Connecting with High-Risk Members for Better Care Management
The value of using care management to engage high-risk members is now well established thanks to several case studies illustrating that care managers and community health workers can help members with chronic or complex conditions achieve important self-care goals. These interventions can improve patient outcomes and reduce unnecessary hospitalizations and other costs associated with patient care.
Effective care management programs can deliver a significant ROI and cost savings for health plans.
However, none of the positive results associated with care management can occur if the healthcare organization cannot first connect with and then engage high-risk members.
Vital Components to Effective Care Management
Although multiple dynamics influence the success of care management, two factors play the largest roles: establishing and maintaining contact with members and helping them build a needed support structure.
Connecting in a hard-to-connect world. Despite the many ways that now exist to communicate, it can be challenging to connect with high-risk members, particularly within transient populations. Phone numbers change, emails go to spam or are lost in crowded inboxes, texts from unknown numbers are ignored, and printed mail cannot be delivered or is tossed unopened.
Ideally, the best way to connect with members is by using their preferred communication method(s). Many health plans are starting to ask members at the time of enrollment how they would like to be contacted.
Using members preferred contact methods also improves the efficiency and reduces the costs of outreach efforts. For instance, if the health plan knows that members prefer text messages over snail mail, then it can save considerable printing and postage costs.
Going the extra mile. When a member’s preferred communication mode is unknown, a multi-channel approach is often effective. A brochure can be mailed to the member’s home that describes the care management program. This might be followed by an automated phone call, using an interactive voice response system that allows members to press a number and connect to a live representative.
These two approaches will have little direct impact on enrollment numbers. But each gives members a heads-up for the next step: a phone call from an enrollment specialist who confirms eligibility for the program through a short questionnaire and explains how the care management program can benefit the member. The goal of this phone call is to enroll the member into services and find out the member’s preferred communication medium (e.g., text, email). Once the care manager can establish the relationship, the preferred communication channel can be incorporated to engage members for working toward identified health goals.
Searching the neighborhood. When high-risk members, especially those who are transient, cannot be reached by mail or phone, a more intensive outreach approach is needed. One effective strategy is to deploy a community health worker to search for these members in libraries, shelters, and other hangouts in their last known neighborhood.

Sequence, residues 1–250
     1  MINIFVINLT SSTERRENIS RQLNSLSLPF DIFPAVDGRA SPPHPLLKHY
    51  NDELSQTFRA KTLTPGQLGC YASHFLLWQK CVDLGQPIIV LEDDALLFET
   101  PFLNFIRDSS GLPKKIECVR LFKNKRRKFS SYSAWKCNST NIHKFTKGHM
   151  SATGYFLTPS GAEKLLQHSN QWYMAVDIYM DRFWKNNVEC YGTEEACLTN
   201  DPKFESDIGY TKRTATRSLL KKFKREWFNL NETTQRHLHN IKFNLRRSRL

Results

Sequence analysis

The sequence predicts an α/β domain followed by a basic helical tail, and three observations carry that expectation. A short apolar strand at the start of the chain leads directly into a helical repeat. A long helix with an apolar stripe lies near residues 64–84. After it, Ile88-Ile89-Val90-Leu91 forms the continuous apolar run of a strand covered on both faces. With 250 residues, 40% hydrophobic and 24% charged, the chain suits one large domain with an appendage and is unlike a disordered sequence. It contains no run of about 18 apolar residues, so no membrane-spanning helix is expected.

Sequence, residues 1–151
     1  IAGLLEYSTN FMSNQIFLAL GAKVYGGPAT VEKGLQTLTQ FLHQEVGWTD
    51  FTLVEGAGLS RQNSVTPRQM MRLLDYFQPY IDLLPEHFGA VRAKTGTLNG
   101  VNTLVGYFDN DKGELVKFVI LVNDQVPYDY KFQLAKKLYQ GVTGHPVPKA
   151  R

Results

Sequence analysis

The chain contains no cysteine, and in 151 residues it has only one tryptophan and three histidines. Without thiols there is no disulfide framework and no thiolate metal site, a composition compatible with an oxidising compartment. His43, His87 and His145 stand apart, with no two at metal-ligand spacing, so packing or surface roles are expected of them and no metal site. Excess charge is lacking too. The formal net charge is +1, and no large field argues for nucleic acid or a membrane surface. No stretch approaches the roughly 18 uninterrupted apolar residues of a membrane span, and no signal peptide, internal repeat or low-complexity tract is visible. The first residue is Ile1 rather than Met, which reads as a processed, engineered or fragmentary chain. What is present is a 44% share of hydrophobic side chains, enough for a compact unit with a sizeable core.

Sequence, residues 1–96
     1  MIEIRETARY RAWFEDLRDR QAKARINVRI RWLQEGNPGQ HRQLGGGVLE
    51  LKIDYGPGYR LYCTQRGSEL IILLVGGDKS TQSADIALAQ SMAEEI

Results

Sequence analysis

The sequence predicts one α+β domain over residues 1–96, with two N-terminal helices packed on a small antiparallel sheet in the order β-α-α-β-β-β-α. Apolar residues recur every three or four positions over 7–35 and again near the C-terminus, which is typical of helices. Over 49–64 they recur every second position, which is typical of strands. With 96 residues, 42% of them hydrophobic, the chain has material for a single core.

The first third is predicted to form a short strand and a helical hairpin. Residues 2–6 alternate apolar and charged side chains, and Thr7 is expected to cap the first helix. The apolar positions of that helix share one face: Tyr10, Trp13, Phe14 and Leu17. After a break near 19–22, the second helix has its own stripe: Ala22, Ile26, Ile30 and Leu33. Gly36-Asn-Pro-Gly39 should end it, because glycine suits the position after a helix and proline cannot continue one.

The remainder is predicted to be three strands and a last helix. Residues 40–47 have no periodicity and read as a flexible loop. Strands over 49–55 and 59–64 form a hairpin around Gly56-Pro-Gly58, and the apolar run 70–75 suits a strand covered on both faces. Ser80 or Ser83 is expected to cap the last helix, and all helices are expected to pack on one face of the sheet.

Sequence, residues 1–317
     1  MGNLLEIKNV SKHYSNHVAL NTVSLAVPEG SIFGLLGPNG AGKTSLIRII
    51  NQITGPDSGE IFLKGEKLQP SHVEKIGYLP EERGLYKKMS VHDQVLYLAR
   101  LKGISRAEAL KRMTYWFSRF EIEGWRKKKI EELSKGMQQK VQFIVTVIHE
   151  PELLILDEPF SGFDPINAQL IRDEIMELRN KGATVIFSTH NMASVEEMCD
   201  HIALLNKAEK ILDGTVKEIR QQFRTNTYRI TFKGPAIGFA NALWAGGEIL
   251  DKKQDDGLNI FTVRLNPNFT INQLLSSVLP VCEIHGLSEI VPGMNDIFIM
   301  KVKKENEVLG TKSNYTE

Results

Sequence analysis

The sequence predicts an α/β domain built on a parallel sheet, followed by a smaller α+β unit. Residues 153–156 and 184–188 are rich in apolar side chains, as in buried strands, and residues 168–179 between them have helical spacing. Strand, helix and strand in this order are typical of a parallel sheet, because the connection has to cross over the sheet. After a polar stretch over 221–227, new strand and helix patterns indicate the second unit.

Tailoring the message to the member. Rather than describing the care management program in general terms, it is more effective to be specific about how the program can benefit individual members. This requires using analytics to comb through data and identify critical health issues for each high-risk member. For instance, claims data may reveal that a member has not filled a heart failure medication prescription, which could be a sign of non-compliance in a critical medication. After confirming this targeted issue, the case manager can help the member obtain and take her medication.
Enlisting members’ social support circles. Relationships matter in health care. Engaging high-risk members in chronic disease management relies heavily on the one-on-one rapport that care managers establish and maintain with members. Yet, as many care managers will attest, members also need support and encouragement from family and friends—from rides to medical appointments to uplifting conversations. Care managers help members first identify who they look to for support within their family and friends and where possible build the connectivity by collecting member permission and contact information for these support circles. Making these connections not only helps the care manager when needing assistance to take actionable steps in removing barriers to care for members but also to encourage and empower the member by identifying the network that exists around them.
There is a time and a place to use technology to connect and engage with high-risk members. When used effectively, technology can reduce the time it takes to enroll members in care management and help members and their caregivers stay on top of health goals.
But technology needs to be used to expand and fuel human connections, not replace them. At the heart of care management is an at-risk person who needs help. Sometimes that help only requires a text exchange, and other times it requires a phone call or a face-to-face conversation. Being able to engage people differently and effectively helps to ensure that high-risk members receive the care and support needed to have quality of life and optimal health.